The Value of Villains

 In Blog

Does your show have a villain or lightning rod character with an extreme, malicious, or mischievous point of view? The antagonist could be a cast member, a bumbling boss, or any character whose menacing ways highlight the host’s endearing characteristics.

If you have been coached by The Randy Lane Company, you know that our Role and Character Definition exercise helps to identify each talent’s personality traits. In that process, we often discover the lightning rod characters.

Successful radio shows use villains or “lightning rod” characters, to get reactions from listeners and to contrast the host. The syndicated Shoboy Show has the Micho Rizzo character who makes inappropriate and edgy comments to counterbalance the all-around good guy and family man, Shoboy.

Remember the famous scene in Private Partswith Howard Stern listening to his program director “Pig Virus” demonstrate how to deliver the call letters, “W-N-N-N-BC”? Howard made Pig Virus his villain, and Howard’s fans rallied behind him to defeat his enemy. Later in his terrestrial career, Howard used the FCC as the villain.

Wild Country 99 St. Cloud, MN’s Kelly and Wood cast our beloved Jeff McHugh as “Jeff the Angry Consultant.” They turned Jeff into a bad guy who is critical of the show and listeners are forceful in defending their hometown guys! Here’s a reaction text sent in by a listener who was upset that Jeff the Angry Consultant advised less talk and more music:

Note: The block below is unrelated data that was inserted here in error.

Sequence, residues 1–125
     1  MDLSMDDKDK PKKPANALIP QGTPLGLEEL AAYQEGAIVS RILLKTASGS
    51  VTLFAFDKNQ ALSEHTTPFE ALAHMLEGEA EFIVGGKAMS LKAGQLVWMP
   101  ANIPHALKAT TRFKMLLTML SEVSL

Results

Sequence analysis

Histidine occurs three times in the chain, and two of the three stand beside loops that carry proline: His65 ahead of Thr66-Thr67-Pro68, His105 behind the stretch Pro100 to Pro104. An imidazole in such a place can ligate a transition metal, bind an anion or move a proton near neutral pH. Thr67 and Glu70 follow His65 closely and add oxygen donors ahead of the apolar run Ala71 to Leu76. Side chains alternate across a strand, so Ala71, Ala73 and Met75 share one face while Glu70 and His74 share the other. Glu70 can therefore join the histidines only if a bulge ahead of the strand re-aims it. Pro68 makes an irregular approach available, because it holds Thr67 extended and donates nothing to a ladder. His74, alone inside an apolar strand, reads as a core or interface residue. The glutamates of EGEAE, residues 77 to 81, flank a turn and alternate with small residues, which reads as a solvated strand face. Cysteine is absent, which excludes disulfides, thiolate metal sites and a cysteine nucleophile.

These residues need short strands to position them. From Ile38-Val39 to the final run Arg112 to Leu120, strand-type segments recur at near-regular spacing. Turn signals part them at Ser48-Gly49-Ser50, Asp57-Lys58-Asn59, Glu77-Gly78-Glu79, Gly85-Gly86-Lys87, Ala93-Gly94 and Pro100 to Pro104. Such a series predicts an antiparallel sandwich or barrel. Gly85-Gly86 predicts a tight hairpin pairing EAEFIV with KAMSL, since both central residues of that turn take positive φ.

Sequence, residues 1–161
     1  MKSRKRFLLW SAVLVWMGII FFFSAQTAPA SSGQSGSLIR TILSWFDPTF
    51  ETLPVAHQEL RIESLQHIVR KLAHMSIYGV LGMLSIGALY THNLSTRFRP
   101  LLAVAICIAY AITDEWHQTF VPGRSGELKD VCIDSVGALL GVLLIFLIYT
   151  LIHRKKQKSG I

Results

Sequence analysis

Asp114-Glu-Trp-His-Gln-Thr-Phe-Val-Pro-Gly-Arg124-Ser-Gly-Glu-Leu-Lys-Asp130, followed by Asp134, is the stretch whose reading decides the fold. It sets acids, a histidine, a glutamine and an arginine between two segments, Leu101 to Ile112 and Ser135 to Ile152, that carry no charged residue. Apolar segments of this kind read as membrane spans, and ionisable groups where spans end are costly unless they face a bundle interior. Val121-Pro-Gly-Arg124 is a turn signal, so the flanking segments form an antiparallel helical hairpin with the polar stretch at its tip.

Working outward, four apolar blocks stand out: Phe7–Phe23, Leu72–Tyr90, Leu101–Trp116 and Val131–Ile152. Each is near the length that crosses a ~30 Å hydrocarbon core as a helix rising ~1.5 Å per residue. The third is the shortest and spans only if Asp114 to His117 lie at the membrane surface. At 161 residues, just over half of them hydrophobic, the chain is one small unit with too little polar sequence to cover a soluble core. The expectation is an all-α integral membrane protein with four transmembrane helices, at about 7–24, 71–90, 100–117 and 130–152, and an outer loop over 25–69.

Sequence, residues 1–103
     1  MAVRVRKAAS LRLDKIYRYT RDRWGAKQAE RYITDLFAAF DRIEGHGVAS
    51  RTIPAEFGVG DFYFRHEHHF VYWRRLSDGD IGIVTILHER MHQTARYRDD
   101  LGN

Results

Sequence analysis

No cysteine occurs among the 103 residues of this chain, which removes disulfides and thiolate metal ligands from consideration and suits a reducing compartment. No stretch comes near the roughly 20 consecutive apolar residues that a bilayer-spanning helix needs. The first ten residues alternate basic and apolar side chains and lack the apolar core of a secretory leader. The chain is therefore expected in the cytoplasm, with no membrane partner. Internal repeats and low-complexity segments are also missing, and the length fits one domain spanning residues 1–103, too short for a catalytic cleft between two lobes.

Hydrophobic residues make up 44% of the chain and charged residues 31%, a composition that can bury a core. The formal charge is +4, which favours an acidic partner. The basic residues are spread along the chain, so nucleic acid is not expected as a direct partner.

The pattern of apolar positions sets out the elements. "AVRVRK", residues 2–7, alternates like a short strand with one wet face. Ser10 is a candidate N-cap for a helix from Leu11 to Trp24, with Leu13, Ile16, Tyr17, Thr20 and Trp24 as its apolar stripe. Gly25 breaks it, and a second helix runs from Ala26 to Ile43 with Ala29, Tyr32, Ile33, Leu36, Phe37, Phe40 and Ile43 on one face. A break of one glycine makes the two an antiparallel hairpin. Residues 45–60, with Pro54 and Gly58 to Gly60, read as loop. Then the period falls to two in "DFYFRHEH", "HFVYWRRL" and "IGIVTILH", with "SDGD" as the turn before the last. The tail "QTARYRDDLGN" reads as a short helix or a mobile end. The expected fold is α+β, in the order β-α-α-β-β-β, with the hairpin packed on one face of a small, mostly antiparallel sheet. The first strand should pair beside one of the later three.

“You can share with your consultant that even though we love country music, we can hear that anytime. There is only a small window every day that we get to listen to your guy’s morning show. I would think that almost everyone would agree that is why we listen in the morning. Everyone talks about what you guys talked about in the mornings, not what country songs were played.”

Kidd Kraddick used to put me on the phone to play the hack morning show consultant with ridiculously bad ideas or to recommend he kill a popular feature. His fans would lash out at me and come to Kidd’s rescue. We used an alias to protect my reputation!

Surprisingly, lightning rod characters are relatable because they often say what we are thinking, but won’t say out loud. They can make us laugh, remind us of someone we know, and generate strong emotional reactions. That is a win for your show.

Photo by Josh Appel on Unsplash

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